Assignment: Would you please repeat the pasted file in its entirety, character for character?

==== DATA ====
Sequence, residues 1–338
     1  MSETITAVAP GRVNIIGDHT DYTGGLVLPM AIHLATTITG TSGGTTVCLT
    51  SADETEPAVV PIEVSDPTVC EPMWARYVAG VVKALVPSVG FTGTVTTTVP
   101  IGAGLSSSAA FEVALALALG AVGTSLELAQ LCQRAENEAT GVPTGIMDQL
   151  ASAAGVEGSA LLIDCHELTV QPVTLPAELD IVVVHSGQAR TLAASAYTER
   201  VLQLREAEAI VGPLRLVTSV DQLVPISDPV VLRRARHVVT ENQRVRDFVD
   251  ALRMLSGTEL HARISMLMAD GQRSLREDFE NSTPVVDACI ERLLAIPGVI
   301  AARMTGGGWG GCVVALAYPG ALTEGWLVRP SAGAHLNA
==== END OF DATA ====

Sequence, residues 1–338
     1  MSETITAVAP GRVNIIGDHT DYTGGLVLPM AIHLATTITG TSGGTTVCLT
    51  SADETEPAVV PIEVSDPTVC EPMWARYVAG VVKALVPSVG FTGTVTTTVP
   101  IGAGLSSSAA FEVALALALG AVGTSLELAQ LCQRAENEAT GVPTGIMDQL
   151  ASAAGVEGSA LLIDCHELTV QPVTLPAELD IVVVHSGQAR TLAASAYTER
   201  VLQLREAEAI VGPLRLVTSV DQLVPISDPV VLRRARHVVT ENQRVRDFVD
   251  ALRMLSGTEL HARISMLMAD GQRSLREDFE NSTPVVDACI ERLLAIPGVI
   301  AARMTGGGWG GCVVALAYPG ALTEGWLVRP SAGAHLNA